Eric Ben-Artzi wouldn’t change what he did, but he wouldn’t advise anyone else to do it either.

The former quantitative risk analyst reported possible security violations with Deutsche Bank in 2011, which led to a Securities and Exchange Commission (SEC) investigation and a series of investigative articles in the Financial Times.

Ben-Artzi spoke to Auburn University Raymond J. Harbert College of Business students Monday about whistle blowing as part of the Government Accountability Project’s Whistleblower Tour.

“Whistleblowers under the law, the legal definition, are usually employees who expose concerns that they reasonably believe (to be) evidence of violation of law, rule, regulation … abuse of authority or substantial and specific damage to public health and safety,” said Dana Gold, American Whistleblower Tour director who moderated Ben-Artzi’s discussion Monday.

Gold asked Ben-Artzi a series of questions related to his discovery of Deutsche Bank’s alleged crimes, his process in addressing the issue and the repercussions he faced in doing so.

Ben-Artzi said he noticed inaccuracies in Deutsche Bank’s reports of the value of its credit derivatives portfolio, but was not immediately aware of the seriousness of the issue.

“I looked at some trades that I had previously seen in previous employment and I had some expertise on,” Ben-Artzi said. “I had some questions about how the risk was assessed. At first I just thought they were not issues, that these were mistakes. … Gradually my concerns became more serious.”

Ben-Artzi said once it was clear something was wrong, he wanted to be transparent and put everything he observed into writing.

After addressing his concerns internally to no avail, Ben-Artzi reported the violations through the SEC Whistleblower Program.

Within a week of filing his complaint with the SEC, Ben-Artzi was fired from Deutsche Bank. When he was fired, he was told “his commitment to Deutsche Bank was not questioned,” something Ben-Artzi said could be interpreted in several ways.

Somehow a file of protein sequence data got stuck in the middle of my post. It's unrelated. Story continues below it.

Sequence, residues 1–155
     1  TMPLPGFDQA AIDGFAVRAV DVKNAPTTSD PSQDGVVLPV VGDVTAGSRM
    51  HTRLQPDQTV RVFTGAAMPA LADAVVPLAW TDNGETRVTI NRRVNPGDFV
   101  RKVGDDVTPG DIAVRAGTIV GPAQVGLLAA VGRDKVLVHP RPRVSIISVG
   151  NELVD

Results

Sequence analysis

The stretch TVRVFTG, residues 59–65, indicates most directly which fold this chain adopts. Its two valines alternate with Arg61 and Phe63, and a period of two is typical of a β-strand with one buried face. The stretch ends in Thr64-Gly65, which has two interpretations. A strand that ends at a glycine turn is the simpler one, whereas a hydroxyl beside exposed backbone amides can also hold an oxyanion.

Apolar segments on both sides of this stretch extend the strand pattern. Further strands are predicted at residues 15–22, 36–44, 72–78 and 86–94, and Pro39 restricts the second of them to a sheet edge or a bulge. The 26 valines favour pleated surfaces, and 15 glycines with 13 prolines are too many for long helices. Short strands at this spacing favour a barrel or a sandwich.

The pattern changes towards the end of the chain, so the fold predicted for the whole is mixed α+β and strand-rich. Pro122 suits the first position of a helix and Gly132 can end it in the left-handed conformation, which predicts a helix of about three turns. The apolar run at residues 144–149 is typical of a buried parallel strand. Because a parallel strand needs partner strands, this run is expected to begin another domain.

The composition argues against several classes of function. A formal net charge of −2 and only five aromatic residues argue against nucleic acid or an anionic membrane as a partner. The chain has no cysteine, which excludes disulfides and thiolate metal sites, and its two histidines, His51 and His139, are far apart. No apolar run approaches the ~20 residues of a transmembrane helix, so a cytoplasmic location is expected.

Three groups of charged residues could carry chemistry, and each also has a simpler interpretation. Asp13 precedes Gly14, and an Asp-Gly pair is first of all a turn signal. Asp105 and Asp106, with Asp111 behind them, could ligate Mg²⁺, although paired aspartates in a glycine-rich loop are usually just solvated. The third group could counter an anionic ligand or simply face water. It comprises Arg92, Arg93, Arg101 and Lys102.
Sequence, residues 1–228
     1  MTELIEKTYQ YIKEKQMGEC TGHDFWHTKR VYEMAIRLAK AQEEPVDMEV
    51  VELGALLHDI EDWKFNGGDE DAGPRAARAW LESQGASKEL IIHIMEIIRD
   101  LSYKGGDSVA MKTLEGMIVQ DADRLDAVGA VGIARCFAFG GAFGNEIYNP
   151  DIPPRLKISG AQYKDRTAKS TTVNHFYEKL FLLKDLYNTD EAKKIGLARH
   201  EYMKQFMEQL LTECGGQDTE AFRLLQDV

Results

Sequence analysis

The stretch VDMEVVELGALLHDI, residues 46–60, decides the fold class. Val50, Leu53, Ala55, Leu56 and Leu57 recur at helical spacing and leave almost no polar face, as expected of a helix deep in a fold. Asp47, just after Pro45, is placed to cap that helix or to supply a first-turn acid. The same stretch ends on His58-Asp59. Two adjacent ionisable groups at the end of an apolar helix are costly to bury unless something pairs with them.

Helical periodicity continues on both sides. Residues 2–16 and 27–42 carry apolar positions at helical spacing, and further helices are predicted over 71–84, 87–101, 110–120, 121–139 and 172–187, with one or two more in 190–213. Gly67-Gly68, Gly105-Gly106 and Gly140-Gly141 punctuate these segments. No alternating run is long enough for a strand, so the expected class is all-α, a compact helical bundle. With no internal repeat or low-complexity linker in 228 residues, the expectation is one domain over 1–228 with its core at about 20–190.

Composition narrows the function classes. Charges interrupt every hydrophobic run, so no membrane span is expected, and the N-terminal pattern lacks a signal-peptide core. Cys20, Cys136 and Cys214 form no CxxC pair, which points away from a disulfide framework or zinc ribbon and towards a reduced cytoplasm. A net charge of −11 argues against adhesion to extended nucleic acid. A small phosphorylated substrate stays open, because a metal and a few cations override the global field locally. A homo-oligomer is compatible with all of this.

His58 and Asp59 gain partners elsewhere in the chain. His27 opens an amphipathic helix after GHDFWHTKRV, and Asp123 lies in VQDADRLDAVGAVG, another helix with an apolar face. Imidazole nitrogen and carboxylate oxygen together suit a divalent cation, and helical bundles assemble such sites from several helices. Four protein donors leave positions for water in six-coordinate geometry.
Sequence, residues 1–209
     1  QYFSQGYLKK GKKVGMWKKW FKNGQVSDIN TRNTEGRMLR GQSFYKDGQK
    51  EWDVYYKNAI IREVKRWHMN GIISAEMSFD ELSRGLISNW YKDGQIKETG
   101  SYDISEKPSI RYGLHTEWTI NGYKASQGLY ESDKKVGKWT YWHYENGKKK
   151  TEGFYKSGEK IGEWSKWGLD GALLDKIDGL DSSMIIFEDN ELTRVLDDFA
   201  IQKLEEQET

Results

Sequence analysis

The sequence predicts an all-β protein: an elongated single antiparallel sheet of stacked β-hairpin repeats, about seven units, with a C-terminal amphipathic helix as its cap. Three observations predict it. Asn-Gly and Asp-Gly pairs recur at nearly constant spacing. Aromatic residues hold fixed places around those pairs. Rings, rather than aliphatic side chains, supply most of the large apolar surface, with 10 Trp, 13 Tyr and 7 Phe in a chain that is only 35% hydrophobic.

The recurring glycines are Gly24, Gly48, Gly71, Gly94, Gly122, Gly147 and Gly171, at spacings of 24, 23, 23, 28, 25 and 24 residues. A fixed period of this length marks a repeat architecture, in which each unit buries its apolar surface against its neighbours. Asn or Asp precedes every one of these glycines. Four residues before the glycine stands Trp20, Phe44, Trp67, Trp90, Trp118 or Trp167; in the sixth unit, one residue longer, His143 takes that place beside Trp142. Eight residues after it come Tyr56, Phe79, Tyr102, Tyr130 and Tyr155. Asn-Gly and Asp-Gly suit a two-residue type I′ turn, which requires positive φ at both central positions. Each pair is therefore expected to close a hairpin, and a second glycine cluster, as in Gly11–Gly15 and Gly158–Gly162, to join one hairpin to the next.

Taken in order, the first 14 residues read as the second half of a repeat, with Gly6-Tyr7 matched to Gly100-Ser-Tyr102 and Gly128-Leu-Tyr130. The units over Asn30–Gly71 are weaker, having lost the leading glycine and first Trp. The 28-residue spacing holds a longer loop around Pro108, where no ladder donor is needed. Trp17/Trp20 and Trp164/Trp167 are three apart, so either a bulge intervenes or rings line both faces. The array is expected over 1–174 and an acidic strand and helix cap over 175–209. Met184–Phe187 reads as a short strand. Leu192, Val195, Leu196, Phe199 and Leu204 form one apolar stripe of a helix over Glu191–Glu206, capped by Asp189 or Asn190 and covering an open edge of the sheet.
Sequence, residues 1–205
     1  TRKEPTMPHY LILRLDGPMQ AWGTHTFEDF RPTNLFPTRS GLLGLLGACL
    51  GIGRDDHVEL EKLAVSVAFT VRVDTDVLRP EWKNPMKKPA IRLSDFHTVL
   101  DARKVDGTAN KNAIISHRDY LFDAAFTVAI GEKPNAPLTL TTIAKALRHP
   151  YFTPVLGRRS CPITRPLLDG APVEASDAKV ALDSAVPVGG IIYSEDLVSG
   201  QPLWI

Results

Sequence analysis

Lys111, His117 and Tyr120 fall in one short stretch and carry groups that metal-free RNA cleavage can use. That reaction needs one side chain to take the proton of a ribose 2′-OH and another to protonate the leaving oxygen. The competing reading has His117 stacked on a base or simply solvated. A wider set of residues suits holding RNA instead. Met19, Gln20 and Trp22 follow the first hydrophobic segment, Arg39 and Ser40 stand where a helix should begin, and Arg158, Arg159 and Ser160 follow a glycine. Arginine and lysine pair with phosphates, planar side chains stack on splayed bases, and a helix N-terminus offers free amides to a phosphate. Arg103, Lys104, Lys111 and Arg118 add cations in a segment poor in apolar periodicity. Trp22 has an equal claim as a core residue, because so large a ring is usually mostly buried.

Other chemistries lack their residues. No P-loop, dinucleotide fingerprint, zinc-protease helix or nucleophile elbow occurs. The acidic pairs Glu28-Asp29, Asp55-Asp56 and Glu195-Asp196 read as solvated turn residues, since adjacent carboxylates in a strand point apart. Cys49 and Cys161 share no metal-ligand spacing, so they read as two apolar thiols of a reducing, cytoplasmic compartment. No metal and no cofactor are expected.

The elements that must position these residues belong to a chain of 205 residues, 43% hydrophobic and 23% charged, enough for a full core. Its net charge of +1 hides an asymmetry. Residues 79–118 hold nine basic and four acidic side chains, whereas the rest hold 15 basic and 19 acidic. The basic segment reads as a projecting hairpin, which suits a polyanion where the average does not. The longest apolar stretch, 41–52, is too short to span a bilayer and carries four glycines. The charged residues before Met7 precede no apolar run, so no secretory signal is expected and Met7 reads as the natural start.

As a result, he has a wrongful dismissal suit against the bank. There is also an American investigation into the bank and a German investigation.

Eventually, reports showed that the bank hid over $10 billion in losses, according to Ben-Artzi. A student asked him to explain what the bank did in layman’s terms.

“Imagine you could borrow money endlessly,” Ben-Artzi said. “And take that money to Vegas and bet. If you lose, you just borrow more money and continue betting. If you win, you keep your gains. That’s not a very stable financial model for whoever it is that’s financing your gambling. In this case, the person financing was everybody in this room and everybody around the world.”

Ben-Artzi said what Deutsche Bank did is not very different from printing money in that it completely undermined the world financial system. He said he feels confident they would have gotten away with it had he not spoken up.

Gold thanked the students gathered in Lowder Hall Monday for their attendance and participation.

“I am so psyched to be back here,” Gold said. “This is my third visit to Auburn. I had never set foot in Alabama before we were invited by Dr. (Sarah) Stanwick to come here three years ago, and now it is like my adopted school. … I really love Auburn University.”